The ladder drill is my favorite golf drill and one that is used quite often to help golfers become more consistent on the putting greens. The ladder drill consists of playing with a golf ball just about a foot from the pin and then putting more golf balls at 2 ft, 3 ft, 4ft, etc.
The idea is to make the shortest putt and then continue to the longest putt.
However, when I use the ladder drill for lag putting, I start at around 15 or even 20 feet and put the golf balls in a line back every two feet or so.
The ladder drill also will help you promote a shorter backstroke and full follow through because the golf balls are placed roughly 12 inches apart.
Measuring Tape Drill
The measuring tape drill can be done in several ways, as this is one of the more versatile practice drills. The bottom line with the measuring tape drill is that you will learn to analyze the length of a putt and the type of backswing you need to take.
Do you know what a 20-foot putt looks like?
When you set up a measuring tape on the putting green, you will notice that it’s much easier to judge putt distance. Practicing this drill helps with both green speeds and putter stroke length.
Feel The Speed Drill
Have you ever tried to practice putting without a golf club in your hand?
For the average amateur golfer, understanding speed and break in a long putt is quite a bit to figure out.
Sometimes it helps to go to a putting green, grab a few balls, and roll them toward the hole; with your hand.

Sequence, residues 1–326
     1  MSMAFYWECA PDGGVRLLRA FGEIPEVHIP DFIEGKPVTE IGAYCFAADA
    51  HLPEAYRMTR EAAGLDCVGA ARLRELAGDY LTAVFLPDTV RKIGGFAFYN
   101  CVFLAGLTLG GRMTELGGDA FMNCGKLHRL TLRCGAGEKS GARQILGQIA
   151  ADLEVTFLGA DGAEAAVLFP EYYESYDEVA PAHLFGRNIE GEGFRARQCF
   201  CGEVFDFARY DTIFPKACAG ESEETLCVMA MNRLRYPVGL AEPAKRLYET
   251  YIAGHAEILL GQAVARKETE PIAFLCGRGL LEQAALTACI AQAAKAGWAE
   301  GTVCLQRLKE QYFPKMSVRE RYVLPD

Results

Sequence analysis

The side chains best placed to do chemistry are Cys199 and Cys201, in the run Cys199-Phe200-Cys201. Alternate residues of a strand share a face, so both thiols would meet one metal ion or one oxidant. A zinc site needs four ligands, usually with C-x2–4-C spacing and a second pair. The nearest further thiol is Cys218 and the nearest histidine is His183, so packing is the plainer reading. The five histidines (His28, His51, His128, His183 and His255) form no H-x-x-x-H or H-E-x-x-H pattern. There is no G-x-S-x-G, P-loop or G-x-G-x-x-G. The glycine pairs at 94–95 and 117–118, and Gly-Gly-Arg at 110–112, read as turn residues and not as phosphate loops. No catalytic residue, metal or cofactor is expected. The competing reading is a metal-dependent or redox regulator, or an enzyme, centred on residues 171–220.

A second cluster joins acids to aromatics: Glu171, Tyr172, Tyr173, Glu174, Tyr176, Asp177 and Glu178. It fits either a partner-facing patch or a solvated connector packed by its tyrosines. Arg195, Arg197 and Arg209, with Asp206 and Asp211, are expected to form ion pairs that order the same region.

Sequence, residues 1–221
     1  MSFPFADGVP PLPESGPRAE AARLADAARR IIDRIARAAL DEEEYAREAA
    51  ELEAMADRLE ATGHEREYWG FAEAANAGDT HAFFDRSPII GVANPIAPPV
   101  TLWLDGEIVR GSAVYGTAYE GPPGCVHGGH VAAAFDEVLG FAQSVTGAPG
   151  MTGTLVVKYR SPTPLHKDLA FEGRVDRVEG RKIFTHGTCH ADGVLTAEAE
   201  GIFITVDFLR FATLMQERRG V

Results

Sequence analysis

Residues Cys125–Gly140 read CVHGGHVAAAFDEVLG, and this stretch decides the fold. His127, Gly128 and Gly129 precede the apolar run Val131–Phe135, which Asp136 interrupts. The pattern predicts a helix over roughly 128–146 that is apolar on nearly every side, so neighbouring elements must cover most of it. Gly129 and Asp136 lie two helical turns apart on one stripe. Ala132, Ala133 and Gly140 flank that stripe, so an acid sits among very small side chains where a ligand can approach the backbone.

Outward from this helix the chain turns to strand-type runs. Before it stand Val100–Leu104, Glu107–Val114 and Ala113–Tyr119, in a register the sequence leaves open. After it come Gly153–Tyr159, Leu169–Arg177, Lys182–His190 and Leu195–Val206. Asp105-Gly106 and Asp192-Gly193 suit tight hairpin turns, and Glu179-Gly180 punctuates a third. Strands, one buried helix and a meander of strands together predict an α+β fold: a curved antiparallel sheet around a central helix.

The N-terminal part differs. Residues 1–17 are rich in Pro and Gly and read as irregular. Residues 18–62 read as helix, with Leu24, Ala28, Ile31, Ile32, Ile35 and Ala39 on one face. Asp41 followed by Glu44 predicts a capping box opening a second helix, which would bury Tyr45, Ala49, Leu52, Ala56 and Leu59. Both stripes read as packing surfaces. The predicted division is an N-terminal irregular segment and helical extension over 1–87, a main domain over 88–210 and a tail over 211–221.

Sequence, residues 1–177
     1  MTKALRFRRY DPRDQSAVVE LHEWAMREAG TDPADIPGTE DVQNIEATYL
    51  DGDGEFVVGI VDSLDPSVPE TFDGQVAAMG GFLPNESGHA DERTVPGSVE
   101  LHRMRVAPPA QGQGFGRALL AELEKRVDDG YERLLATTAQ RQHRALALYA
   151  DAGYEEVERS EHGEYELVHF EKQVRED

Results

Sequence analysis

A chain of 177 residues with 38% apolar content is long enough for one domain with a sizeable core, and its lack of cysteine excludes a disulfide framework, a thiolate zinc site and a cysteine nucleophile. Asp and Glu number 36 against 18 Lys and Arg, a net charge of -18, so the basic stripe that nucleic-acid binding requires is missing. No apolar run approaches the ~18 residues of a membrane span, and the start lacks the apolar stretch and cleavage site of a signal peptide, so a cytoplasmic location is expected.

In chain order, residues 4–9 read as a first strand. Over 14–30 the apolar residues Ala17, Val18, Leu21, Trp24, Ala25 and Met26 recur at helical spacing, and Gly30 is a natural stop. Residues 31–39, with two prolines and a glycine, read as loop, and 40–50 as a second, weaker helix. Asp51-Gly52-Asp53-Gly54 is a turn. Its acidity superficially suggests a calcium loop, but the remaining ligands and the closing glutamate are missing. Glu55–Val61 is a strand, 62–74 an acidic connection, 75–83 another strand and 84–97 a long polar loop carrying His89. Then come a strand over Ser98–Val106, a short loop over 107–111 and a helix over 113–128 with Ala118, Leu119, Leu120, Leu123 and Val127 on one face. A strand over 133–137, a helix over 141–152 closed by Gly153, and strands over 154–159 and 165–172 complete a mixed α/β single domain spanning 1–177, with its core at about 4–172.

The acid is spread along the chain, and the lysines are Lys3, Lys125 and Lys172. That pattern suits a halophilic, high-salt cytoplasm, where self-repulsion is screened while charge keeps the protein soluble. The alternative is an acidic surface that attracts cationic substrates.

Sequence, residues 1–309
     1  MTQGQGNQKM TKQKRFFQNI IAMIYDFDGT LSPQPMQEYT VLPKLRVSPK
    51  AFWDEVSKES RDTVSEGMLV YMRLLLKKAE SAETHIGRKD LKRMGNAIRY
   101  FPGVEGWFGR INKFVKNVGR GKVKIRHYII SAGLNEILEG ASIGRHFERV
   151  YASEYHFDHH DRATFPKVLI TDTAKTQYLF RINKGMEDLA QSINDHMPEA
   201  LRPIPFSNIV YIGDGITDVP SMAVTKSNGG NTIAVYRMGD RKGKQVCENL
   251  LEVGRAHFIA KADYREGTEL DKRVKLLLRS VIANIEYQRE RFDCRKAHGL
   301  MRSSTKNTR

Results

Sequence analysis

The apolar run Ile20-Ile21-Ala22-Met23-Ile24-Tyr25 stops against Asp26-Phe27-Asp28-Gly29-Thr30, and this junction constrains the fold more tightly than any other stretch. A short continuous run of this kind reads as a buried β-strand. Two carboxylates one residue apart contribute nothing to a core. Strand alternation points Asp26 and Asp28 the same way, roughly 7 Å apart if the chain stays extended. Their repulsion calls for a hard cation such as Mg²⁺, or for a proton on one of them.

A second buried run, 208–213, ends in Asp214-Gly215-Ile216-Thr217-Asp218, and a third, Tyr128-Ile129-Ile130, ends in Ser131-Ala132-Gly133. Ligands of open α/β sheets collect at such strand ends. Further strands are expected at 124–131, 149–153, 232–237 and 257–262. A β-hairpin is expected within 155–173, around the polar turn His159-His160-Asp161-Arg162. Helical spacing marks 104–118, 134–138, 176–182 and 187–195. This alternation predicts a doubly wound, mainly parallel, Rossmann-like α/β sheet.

Watch how the ball breaks, and then think about how much force it took to get the ball to the hole. This will help with your “feel” around the green.
When you put your putter back in your hand, you will have a better idea if a shot needs extra speed, more break, etc. Apply the proper swing m
echanics to a golfer with a great natural feel, and the results will be impressive.
Manilla Folder Drill
Sometimes golfers get stuck focusing on the golf hole a little too much. Bring a manilla folder next time you head to the putting green. Start with three or four golf balls, about 20 to 25 feet away.
Lay the manila folder out flat on the green, and try to get the ball to land on the folder. After you master that, move to the 30-foot range, etc. We love this drill because it teaches casual golfers and those with a lower golf handicap how to putt to a spot.
This drill does wonders for your confidence as you become more comfortable hitting putts a specific distance which will help you two putt more often, and help eliminate the dreaded 3 putts that quickly will kill your round.
Tee Time Drill
Make a 3-foot circle around a hole on a putting green. The goal of lag putting is to get the ball within this circle of tees. If you can do this 9/10 times, you will make very few three putts on the golf course.
Higher handicap players may start with a four-foot circle, and lower handicap players may make a 2-foot circle around the hole.
This drill is called the tee time drill because it is a great way to get the feel and speed of the break prior to teeing off, but it also has a great impact on your confidence level.
If you are 15 minutes from your tee time, and you start this drill, in roughly 5 minutes you can practice 20, 30 or even 40 3 or 4 foot putts before you step foot on the course. I guarantee on every round, you will be faced with a putt of this distance. There is no better way to prepare for those knee-knocking 3 and 4 footers than by using the tee time drill.
You may also want to incorporate this into your regular practice routine. There is no better time spent in the game of golf than on your short game and putting. This drill when done consistently will make you a more confident, and in return, better putter.